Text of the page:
Capacitor C3 from pin 10 to B- reduces the amplifier's susceptibility to noise, such as that generated at the motor brushes. Feedback capacitor C4, in parallel with R19, causes the amplifier to act also as an integrator and time delay device. Capacitor C4 prevents noise from tripping the circuit. Also, because of C4, large current surges of short duration, such as motor inrush current upon starting, do not cause nuisance tripping of the overcurrent protection circuit. The values of resistor R21 and capacitor C4 determine the length of time that large currents drawn by the motor are ignored. In this embodiment the delay is approximately 0.25 seconds for starting current of the motor.
When the motor current is excessive for a greater time than the normal inrush delay time, the tool has probably been overloaded. Thereupon, the output voltage at pin 8 of the operational amplifier C rises. When the voltage at pin 8 is sufficiently positive, current starts to flow (in the breakdown direction) in Zener diode D8, and input current is supplied to pin 10. This is the overcurrent sensing threshold, which is affected by R18, the gain of the operational amplifier C (set by the ratio of resistors R19 and R21), and the voltage rating of Zener diode D8. Attention is called to the use of a Zener diode in this way. Once the predetermined overcurrent threshold is reached, diode D8 latches the amplifier C in a highly positive output condition, in the following way.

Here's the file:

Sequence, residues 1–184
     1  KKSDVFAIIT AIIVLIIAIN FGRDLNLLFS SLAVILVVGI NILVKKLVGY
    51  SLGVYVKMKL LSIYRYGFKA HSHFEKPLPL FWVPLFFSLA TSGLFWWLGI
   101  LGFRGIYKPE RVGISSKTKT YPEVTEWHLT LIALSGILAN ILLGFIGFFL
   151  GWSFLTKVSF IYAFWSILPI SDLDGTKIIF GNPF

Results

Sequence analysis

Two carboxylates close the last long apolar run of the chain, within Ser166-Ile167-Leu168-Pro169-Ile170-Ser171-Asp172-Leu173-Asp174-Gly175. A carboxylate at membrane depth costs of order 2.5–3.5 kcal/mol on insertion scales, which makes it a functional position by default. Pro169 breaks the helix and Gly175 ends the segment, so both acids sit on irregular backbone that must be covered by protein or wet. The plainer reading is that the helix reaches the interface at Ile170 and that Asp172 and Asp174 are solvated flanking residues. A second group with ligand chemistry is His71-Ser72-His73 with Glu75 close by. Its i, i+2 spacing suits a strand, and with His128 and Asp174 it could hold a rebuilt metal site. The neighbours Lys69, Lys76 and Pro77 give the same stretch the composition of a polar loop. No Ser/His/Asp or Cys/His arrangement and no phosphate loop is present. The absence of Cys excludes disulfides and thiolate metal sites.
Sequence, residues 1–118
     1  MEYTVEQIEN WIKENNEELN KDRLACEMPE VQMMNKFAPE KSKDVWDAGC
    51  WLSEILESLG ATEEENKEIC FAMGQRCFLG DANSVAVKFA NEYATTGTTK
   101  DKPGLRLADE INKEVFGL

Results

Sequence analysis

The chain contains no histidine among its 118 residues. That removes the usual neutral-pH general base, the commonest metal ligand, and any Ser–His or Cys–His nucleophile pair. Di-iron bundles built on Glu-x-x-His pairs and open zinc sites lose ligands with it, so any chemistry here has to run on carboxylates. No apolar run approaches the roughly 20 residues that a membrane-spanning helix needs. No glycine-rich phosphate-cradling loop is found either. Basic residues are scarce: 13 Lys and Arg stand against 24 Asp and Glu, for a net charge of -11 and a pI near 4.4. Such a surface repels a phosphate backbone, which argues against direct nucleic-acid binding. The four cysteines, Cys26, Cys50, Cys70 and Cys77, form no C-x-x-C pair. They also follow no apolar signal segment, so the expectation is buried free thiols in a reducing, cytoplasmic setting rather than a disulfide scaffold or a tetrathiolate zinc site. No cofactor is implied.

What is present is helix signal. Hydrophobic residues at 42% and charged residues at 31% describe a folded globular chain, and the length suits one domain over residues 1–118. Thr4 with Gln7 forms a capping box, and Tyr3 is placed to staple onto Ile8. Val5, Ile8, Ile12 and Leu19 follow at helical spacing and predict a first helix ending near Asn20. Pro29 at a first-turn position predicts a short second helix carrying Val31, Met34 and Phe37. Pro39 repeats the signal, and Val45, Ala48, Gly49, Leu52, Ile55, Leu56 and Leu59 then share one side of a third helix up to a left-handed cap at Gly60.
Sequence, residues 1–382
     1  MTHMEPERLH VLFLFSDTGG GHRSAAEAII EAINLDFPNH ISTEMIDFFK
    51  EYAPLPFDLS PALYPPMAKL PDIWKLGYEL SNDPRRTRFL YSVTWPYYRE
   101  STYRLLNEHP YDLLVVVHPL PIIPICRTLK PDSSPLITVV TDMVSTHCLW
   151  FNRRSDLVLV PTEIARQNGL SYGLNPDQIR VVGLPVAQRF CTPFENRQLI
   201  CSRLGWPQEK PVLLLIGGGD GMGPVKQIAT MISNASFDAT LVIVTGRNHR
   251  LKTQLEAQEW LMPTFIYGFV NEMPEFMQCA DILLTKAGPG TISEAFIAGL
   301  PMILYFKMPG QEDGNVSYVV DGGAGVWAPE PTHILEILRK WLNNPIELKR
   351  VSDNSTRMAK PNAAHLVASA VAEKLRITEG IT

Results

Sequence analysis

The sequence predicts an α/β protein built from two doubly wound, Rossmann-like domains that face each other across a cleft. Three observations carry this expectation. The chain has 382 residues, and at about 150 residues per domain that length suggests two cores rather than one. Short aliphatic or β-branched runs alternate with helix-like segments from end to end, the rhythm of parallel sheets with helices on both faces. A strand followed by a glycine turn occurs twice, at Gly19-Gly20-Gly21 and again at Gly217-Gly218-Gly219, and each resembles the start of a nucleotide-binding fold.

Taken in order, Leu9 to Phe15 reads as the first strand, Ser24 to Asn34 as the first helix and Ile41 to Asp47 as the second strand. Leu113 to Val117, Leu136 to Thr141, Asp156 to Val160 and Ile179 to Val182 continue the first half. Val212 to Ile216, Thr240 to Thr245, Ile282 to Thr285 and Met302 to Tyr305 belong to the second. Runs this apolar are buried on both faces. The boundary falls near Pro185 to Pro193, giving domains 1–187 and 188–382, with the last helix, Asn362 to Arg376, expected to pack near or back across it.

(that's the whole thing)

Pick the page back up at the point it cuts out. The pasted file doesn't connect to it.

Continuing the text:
The feedback to input pin 10 is regenerative, so the voltage at output pin 8 rises toward the +24 volt supply voltage. That disables the pulsating DC gate drive to MOSFET Q1, as described below, turning the motor off. Because the feedback current at input pin 10 has latched the amplifier C, the motor current is kept off. The latch of amplifier C can be reset by switching off the power to at least the overcurrent protection portion of the speed control circuit. In the preferred embodiment power to the entire circuit is interrupted by a switch SW, FIG. 1, when the manual trigger is completely released. Thereafter, the motor M can be restarted by reapplying power to the speed control circuit via the trigger.